The tensions between these two entities are further strained by shuffling the ambulance from station to station across the city as it waits for a call. In the modern world, field medics view “resource positioning” and “GPS vehicle locators” as tools designed by a cracked and nefarious mind for the sole purpose of torturing the individuals riding inside an ambulance. It is not unheard of to have an ambulance visit a dozen stations over several hours of the shift without responding to a single call. For the dispatcher, the movement is nothing more than a “blip” going from point A to point B on the computer screen. For the medics in the ambulance, it is a lengthy journey in heavy traffic during sometimes adverse weather.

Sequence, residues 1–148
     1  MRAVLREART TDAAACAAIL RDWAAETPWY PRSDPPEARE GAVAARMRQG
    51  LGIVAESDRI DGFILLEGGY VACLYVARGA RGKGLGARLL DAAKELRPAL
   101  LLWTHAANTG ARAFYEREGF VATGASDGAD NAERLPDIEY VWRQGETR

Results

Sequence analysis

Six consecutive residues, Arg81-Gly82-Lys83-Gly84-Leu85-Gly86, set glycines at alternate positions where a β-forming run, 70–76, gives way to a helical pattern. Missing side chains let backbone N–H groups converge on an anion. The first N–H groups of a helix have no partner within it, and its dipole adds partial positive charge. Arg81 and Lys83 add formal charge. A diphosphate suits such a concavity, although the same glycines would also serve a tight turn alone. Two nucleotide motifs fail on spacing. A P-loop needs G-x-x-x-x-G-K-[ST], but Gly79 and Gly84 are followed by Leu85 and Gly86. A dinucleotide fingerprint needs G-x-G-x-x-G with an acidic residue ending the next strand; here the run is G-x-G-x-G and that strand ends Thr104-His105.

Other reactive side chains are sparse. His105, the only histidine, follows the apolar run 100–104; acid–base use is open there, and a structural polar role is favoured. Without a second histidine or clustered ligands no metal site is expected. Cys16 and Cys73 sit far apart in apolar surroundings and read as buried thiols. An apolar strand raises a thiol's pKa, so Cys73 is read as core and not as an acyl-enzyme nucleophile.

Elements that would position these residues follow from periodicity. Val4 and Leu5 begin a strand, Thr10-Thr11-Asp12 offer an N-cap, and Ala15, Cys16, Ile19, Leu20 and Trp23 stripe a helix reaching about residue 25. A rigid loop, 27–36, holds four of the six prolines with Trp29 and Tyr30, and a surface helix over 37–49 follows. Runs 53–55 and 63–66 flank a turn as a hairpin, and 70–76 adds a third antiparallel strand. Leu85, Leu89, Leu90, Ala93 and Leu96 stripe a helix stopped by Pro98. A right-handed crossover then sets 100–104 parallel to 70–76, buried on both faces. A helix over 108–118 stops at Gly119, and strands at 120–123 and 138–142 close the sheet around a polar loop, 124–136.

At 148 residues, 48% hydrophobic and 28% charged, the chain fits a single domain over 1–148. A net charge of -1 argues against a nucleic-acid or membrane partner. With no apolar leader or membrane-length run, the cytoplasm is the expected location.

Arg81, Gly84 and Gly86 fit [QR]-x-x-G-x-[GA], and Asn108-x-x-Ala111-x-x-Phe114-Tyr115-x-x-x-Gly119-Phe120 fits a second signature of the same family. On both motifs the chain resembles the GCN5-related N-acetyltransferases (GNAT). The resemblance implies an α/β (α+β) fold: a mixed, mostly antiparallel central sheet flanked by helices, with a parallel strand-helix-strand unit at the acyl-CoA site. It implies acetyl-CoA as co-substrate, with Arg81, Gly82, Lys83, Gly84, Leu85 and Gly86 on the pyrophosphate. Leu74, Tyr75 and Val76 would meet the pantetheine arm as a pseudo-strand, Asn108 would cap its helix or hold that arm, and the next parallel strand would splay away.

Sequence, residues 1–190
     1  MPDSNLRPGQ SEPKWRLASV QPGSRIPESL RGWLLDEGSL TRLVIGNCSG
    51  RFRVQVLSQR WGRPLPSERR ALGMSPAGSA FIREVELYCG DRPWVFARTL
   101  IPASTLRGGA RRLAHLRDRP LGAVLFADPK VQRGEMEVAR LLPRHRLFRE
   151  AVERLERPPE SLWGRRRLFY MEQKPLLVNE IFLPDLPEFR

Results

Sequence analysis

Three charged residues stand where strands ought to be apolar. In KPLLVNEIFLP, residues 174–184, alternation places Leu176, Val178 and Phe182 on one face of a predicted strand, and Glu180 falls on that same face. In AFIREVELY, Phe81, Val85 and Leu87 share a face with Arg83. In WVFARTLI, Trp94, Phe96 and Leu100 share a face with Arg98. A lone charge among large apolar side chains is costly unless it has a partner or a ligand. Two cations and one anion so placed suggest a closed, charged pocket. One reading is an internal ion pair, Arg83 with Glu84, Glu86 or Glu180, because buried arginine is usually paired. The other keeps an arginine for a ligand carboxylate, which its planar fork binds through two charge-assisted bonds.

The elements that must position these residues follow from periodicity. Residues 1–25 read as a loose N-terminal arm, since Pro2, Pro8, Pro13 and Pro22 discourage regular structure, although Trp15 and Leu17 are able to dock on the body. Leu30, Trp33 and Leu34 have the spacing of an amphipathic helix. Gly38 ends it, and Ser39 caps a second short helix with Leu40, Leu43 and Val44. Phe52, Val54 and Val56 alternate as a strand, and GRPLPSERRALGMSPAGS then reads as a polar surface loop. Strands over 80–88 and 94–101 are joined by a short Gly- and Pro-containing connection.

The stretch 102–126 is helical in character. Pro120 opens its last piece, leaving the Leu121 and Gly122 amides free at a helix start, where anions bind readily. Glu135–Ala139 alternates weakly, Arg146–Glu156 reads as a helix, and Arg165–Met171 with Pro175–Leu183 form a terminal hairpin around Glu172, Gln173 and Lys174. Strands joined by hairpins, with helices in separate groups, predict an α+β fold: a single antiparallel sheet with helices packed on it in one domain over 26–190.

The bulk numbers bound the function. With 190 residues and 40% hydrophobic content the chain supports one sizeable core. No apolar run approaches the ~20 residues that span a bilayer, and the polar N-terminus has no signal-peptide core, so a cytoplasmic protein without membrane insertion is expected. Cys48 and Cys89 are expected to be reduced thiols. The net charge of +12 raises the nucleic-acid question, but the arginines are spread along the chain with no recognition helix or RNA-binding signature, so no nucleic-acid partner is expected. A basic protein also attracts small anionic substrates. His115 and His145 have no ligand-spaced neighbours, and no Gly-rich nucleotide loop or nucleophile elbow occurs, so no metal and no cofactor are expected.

EMS supervisors are constantly tasked with mediating disputes about “our tones” when conversing with our dispatchers over the radio. Think of it as a dutiful parent attempting to resolve a perpetual and unending fight between brothers and sisters in a very small household. More than one EMS supervisor has shaken their head in rueful agreement with our thought that an acerbic tone colored with dripping sarcasm is our tool of choice when battling with dispatchers. Yes, we are going where we are told to go. Yes, we abandon our meals to handle a call. No, we aren’t going to be happy about it. However, we also understand that “tone” is a subjective opinion of the dispatcher and is retained as a tool in our arsenal since we aren’t allowed to utter, “Would you make up your fucking mind!” over the radio as we bounce like a ping-pong ball between stations.